How do we get people reading again or introduce them to reading?
We have to accept that reading is different in that it stimulates thinking and imagery that is often served up on a plate with other media. After all, you don’t have to imagine what someone looks like when they are stood as large as life in front of you on a screen.
We have seen many charity and government-backed initiatives and ones driven by the industry itself but the bottom line is that at best they are treading water and at worst losing the battle. We may all cheer from the battlements when books are donated and given away free to folk but if this is not succeeding we have to ask whether the focus and process is correct and what we have to do to really engage and make a difference.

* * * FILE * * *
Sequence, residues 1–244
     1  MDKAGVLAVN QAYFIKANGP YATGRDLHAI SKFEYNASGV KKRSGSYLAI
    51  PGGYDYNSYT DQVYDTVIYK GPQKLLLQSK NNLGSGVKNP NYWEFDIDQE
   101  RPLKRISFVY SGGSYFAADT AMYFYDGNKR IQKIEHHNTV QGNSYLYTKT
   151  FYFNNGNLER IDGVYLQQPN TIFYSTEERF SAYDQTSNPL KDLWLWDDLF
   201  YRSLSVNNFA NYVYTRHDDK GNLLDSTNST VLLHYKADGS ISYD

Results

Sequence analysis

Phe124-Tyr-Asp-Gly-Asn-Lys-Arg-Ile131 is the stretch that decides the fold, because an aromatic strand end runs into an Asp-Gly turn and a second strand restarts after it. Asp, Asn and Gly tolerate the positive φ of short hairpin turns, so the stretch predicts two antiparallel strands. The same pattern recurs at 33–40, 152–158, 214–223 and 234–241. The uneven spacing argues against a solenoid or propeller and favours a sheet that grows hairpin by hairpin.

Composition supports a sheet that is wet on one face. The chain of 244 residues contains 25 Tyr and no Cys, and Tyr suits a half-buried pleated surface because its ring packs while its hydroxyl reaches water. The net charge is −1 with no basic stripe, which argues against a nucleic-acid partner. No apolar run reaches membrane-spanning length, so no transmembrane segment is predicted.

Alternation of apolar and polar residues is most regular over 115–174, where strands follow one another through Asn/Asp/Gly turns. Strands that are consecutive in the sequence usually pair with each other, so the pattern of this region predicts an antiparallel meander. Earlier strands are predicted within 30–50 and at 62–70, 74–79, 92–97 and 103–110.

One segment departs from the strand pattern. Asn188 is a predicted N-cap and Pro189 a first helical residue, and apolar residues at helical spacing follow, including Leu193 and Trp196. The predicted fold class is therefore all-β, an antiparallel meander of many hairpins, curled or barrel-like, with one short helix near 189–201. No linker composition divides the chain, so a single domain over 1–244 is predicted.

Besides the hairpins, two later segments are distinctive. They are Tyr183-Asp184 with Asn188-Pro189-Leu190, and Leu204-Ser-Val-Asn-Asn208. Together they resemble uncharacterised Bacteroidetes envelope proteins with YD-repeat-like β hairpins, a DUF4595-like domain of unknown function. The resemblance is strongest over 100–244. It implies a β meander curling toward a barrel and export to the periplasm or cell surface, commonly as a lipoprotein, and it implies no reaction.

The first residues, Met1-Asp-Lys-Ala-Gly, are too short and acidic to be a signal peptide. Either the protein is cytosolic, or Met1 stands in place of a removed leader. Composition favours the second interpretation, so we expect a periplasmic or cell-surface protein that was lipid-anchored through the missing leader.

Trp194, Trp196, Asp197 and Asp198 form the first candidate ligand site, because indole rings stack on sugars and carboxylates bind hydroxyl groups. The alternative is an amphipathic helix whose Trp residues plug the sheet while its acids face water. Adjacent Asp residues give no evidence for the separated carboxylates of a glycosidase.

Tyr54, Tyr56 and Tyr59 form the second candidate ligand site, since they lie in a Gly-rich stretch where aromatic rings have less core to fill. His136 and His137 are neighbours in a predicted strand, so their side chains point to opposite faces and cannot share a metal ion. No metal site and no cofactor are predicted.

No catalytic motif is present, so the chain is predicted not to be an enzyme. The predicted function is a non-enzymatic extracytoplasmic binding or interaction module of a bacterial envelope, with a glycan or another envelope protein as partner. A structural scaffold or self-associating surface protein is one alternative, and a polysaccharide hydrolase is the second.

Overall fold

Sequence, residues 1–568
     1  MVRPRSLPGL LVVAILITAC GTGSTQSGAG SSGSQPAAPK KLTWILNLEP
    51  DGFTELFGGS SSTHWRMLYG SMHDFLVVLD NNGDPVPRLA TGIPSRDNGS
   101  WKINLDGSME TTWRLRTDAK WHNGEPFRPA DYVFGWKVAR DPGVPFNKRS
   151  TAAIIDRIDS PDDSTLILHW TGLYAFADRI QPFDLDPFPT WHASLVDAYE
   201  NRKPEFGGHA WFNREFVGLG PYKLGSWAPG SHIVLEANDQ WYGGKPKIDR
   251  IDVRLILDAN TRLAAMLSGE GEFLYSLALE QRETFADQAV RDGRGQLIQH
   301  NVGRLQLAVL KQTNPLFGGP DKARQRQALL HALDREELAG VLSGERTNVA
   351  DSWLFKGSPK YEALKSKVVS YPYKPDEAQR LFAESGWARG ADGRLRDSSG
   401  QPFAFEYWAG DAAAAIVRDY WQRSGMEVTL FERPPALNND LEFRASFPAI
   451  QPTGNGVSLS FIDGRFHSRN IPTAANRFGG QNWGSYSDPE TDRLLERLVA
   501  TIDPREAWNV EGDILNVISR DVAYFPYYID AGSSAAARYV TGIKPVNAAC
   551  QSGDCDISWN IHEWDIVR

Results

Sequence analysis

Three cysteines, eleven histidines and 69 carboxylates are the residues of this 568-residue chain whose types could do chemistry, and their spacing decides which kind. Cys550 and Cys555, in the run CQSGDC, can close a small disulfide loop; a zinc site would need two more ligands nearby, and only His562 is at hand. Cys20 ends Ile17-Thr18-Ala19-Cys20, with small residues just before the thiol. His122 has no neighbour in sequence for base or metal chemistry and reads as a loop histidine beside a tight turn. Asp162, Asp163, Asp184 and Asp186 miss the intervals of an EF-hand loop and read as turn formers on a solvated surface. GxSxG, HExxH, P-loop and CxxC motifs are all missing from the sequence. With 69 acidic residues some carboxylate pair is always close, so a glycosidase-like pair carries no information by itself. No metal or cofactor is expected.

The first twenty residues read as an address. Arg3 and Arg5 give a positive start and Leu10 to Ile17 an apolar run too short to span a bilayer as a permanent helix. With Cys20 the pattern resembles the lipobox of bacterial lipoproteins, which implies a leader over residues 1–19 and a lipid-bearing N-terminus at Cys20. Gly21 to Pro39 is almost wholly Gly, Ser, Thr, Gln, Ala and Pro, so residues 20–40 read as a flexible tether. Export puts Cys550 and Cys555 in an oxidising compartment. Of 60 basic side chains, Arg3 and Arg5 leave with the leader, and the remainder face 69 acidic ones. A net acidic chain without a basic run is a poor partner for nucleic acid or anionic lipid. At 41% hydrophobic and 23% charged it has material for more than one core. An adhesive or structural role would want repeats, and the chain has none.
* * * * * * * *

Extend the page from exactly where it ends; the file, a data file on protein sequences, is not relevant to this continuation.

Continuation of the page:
The YouTube age is impacting not just the young but the older generations. We are becoming more and more visual and increasingly time poor. Giving someone a book is not addressing the problem and merely compounding it. We have to create the thirst and feed the habit not just give someone War and Peace and expect a convert. The studies don’t lie. The latest from the National Literacy Trust study of 34,910 young people, claimed nearly a third of children between eight and 16 say they read no text-based media at all in their daily leisure time and that the number of children who read outside school has fallen by 25% since 2005.
Many thought that children’s reading was migrating from print to digital, but in reality their consumption of information is moving away from reading or writing text. Their attitude to reading have also become more negative over time. This was reflected in 21.5% of young people agreeing with the statement, “I would be embarrassed if my friends saw me read,” up from 16.6% on the 2010 study.